Happy birthday, Mac! Remembering the original personal computer, 30 years later

apple macintosh turns 30 mac bday 30th anniversary of the 1984 2014

In the latter part of 1977, Ken Olsen, president of the then-powerful Digital Equipment Corporation, dismissed the idea of the PC, saying “there is no reason anyone would want a computer in their home.” As crazy as that statement seems today, it was not unreasonable at the time. Early attempts at home computers often proved crude, unreliable and difficult to use. They also cost tens of thousands of dollars.

Then, on January 24, 1984, Apple released the Macintosh.

While most competitors relied on a command line operating system, like MS-DOS, the Mac used a ground-breaking graphical interface called Mac OS. Though many companies, including Apple, had tried GUIs before, they were either immature or paired with extravagantly expensive hardware. Though the original Mac’s price of $2,495 (over $5,000 when adjusted for inflation) seems prohibitive by modern standards, it was a bargain compared to other GUI computers like the Xerox Star, which started at $16,000 in 1981, and the Apple Lisa, which released at $9,995 in 1983.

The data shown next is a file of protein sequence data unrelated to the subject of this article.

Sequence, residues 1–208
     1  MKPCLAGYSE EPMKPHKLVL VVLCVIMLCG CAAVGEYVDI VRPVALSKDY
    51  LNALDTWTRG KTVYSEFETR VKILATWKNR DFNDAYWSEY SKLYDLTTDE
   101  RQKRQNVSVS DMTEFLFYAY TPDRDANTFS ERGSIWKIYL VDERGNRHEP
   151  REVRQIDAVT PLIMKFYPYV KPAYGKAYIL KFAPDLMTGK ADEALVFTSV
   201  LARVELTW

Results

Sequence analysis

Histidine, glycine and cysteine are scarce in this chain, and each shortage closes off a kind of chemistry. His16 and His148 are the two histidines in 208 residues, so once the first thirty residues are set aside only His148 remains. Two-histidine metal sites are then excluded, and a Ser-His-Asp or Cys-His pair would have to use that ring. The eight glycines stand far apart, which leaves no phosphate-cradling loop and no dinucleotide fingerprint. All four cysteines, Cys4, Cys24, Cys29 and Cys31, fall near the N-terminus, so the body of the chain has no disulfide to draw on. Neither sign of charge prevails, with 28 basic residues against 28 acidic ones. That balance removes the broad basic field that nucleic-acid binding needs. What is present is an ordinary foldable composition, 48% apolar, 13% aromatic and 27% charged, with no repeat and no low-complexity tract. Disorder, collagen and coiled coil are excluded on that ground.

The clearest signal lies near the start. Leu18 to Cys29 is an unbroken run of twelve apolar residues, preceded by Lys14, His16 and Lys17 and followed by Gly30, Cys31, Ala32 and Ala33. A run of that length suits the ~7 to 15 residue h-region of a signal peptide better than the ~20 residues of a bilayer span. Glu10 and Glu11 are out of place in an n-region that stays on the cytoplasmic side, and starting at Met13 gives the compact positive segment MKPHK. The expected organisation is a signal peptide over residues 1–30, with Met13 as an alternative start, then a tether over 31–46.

The relatively inexpensive Mac’s impressive graphics made it the darling of desktop publishers and digital artists, a role that the brand retains to this day. Indeed, while both the hardware and software has changed significantly over the years, the Mac’s position in the market has barely budged. Apple released the Mac as a premium, but still obtainable, computer with an intuitive interface and adequately powerful hardware, and modern Macs boast the same traits.